Sam Peckinpah was a complicated man, but a director many reference as having created some powerful, iconic films that often dealt with loners and nihilism through an incredibly violent lens. Hal Needham was a stuntman, a stuntman so famous that there was a playset with his name attached to it.
One of these men was awarded an honorary Oscar. One ended up filming Julian Lennon music videos.
For the purposes of this triple-feature I am bringing together the CB Radio culture iconic films and the spiritual follow-up and step-child of the Oscar Winning film It’s a Mad, Mad, Mad, Mad World.
Star Wars was the highest grossing film of 1977, grossing the then-ridiculous amount of $307M (against an $11M budget), Spielberg was third with Close Encounters of the Third Kind taking in $116M (against a $20M budget), but what film was number 2?
With a budget of only $4.3M, and taking in $126M was Smokey and the Bandit! Wanting to approach this iconic film with a critical eye, I decided it was worth watching. This was Needham’s first film, and although many of the car stunts might seem tame today, at the time, they were incredible, and much of the action of the film holds up surprisingly well. Jackie Gleason is ridiculous as the Texas sheriff, chewing up every scene he is in, but just when he might be getting too much, the film returns to the plot, which is the chase. The interplay between Reynolds and Fields holds up, and Jerry Reed does a fine job as the third wheel, and “Eastbound and Down” is damn memorable as a theme song.
Sam Peckinpah’s iconic films include the Wild Bunch and the Getaway, but in 1978, even though he was riding a string of non-hits, had discovered cocaine (thanks James Caan), had been offered the chance to direct King Kong and Superman. He turned them down, and after Cross of Iron didn’t perform as well as he hoped, he believed he had a hit on his hands with Convoy. With an allotted budget of $6M, the film went $5M over budget, most of the directing was done by Peckinpah’s friend James Coburn, and it was critically panned. However, it did gross over $45M and was the highest grossing film of Peckinpah’s career. Ali MacGraw has a very 70s perm, and Kris Kristofferson is awesome, as he usually is. Some of the action sequences are so oddly filmed (the bar fight), but this film is filled with so much setting and flavor it oozes 1978. Here, Ernest Borgnine plays the role of frustrated sheriff, and although “Eastbound and Down” would become Jerry Reed’s iconic song, the star of Convoy is the even-more iconic title track, which oddly served as inspiration for the film.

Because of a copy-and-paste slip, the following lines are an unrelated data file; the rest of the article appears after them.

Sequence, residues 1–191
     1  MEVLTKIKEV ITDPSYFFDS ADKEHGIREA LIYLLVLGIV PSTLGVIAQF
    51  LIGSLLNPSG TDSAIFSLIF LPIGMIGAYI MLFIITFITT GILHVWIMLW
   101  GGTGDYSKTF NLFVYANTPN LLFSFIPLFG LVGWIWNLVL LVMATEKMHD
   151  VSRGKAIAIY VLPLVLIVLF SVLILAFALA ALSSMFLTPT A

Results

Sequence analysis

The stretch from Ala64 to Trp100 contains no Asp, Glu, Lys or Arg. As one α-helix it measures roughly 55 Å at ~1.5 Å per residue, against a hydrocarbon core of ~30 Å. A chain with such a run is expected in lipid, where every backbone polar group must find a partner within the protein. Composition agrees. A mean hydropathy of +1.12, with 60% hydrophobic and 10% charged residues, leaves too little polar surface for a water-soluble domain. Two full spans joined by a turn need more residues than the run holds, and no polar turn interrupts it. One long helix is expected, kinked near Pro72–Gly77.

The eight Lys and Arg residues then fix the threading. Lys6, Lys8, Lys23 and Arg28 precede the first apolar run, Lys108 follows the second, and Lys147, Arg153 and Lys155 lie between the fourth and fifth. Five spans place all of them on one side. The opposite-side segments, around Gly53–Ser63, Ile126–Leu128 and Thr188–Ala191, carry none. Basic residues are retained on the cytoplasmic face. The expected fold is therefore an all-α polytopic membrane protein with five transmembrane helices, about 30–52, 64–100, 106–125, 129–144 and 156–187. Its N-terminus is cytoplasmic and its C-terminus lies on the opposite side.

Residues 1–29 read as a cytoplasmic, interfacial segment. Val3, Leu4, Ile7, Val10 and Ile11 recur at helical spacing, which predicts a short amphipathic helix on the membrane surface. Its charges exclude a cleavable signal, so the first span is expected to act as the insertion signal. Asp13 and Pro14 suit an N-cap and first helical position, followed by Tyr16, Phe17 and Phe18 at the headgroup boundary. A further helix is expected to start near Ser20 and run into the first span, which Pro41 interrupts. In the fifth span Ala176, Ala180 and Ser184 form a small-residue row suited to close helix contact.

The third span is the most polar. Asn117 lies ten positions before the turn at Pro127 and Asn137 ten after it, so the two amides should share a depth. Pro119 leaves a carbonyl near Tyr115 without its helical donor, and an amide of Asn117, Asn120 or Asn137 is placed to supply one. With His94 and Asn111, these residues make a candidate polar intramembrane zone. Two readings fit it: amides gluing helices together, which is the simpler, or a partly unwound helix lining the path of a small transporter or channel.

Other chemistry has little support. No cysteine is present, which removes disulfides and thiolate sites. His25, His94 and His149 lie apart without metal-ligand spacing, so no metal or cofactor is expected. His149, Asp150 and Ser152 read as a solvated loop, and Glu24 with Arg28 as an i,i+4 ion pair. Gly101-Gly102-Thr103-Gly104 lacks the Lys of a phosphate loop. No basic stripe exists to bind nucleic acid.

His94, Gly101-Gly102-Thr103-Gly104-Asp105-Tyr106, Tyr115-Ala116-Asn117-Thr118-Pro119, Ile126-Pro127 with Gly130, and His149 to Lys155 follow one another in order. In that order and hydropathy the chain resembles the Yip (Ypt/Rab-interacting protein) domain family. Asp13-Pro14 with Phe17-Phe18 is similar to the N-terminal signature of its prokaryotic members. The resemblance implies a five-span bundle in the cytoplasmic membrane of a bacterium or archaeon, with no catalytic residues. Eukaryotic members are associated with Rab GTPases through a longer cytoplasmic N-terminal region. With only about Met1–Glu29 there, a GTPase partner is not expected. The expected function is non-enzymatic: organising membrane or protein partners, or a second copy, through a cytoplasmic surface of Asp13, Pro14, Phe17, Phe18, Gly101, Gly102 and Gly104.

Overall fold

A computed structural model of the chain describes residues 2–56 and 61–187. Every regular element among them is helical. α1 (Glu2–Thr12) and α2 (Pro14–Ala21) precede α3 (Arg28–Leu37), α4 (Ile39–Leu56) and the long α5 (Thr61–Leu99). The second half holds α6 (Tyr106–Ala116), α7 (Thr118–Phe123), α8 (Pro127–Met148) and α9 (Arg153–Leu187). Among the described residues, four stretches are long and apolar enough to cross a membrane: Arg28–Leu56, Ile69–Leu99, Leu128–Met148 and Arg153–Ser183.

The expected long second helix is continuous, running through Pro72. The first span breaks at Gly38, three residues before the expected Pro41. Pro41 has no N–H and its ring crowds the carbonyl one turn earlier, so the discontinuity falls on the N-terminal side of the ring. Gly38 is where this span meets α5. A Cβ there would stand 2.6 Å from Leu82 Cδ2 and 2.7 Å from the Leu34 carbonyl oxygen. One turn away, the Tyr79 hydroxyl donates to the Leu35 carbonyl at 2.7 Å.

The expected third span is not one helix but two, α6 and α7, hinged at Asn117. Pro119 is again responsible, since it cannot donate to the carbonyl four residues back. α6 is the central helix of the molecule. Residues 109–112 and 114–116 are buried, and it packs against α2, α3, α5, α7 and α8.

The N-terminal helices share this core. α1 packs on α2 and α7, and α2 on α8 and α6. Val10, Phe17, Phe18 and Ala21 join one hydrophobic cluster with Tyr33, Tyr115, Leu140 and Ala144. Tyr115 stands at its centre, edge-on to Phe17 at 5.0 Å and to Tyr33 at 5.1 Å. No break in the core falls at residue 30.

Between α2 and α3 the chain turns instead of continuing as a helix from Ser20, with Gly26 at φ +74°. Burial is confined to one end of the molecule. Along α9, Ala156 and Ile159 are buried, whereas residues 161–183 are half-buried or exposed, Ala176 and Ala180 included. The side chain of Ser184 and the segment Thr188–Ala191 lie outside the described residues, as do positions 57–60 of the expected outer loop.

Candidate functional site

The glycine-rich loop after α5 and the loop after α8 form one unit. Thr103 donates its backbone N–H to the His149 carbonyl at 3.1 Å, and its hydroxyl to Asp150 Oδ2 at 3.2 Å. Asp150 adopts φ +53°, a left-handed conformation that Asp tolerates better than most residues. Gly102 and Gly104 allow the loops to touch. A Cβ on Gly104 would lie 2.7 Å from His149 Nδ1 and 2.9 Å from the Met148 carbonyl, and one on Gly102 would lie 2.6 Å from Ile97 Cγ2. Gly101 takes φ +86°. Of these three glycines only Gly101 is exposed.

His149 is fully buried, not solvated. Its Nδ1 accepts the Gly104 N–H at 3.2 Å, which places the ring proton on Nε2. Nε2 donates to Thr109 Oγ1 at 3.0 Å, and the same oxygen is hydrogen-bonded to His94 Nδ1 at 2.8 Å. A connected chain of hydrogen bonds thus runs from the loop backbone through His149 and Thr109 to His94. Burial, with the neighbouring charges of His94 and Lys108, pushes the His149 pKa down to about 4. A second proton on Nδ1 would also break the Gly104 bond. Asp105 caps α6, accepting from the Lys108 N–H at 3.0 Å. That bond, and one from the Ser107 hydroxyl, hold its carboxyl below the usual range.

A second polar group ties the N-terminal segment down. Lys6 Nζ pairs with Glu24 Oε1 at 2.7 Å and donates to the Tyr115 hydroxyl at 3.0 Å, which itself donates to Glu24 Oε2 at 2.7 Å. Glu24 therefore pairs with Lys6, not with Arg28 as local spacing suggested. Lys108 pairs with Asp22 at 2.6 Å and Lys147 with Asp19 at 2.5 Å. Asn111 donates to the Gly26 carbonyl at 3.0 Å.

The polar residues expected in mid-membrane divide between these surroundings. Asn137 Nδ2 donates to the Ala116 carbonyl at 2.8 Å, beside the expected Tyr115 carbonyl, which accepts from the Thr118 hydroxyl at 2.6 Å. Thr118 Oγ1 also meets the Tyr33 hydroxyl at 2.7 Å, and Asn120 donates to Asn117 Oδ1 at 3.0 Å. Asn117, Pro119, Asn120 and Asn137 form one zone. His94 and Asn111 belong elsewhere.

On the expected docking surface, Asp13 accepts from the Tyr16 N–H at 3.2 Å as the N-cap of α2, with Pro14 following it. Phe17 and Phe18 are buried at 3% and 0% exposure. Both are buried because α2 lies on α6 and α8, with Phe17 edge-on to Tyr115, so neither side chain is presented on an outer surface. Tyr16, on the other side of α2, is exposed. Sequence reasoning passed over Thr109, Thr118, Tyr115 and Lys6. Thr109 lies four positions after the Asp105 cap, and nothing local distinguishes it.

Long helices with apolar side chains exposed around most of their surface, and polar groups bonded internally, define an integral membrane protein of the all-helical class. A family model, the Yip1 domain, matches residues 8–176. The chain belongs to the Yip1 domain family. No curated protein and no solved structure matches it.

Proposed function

Even more oddly, the song was a novelty song written by an ad-man who created an outlaw country singer persona name of CW McCall. The song is iconic enough that Rolling Stone named it the 98th best country song of all-time. I bet Chris Gaines wishes he could have been this successful.
This film doesn’t hold up as well, but has some solid action sequences, and manages to squeeze in an incredible amount of timely commentary amidst the narrative.
The last film in this viewing trilogy is the second most iconic film in Needham’s limited filmography (11 films total): The Cannonball Run. Where Smokey had some humor, and would likely be considered a comedy, Cannonball Run borders on groan-inducing screwball comedy. I have read a couple biographies of Dean Martin, I know that his boozey persona was a well-cultivated act, but his performance here is painful to watch. The “humor” in this movie lacks in almost every way. Every performer seems to be in on a joke with their performance, but as viewers we do not what that joke is. the intro scene could have been iconic had it a memorable song, instead Ray Stevens (I cannot confirm if this is the same Ray Stevens of The Streak) delivers a bizarre early 80s anthem that goes nowhere.
The film is just over 90 minutes long and the race doesn’t start until about halfway through. Little of the race footage is compelling or action-packed, an certainly, there is little to no drama. The jokes are awful, and the ending of the film feels so contrived, as if Needham lost a bet and had to pay-up, or the screenwriter just gave up. Tonally, it is in line with the film, but has no sense of drama. This film is utterly bizarre and feels incredibly dated and out-of-date (I was shocked to see it was released 4 years after Smokey).
Needham has 11 films to his credit, most of which are not noteworthy, the most iconic of which would be Smokey. Peckinpah’s Wild Bunch is one of the most iconic films of all time, the American Film Institute feeling it worthy of inclusion on several of their “100 Years” lists. Peckinpah’s films are topics of discussion amongst film critics and historians, as they might not all be classics, many have some of the same recurring themes and worldview.
Needham, however has more Oscars than Richard Burton.
Then again, so does Jackie Chan.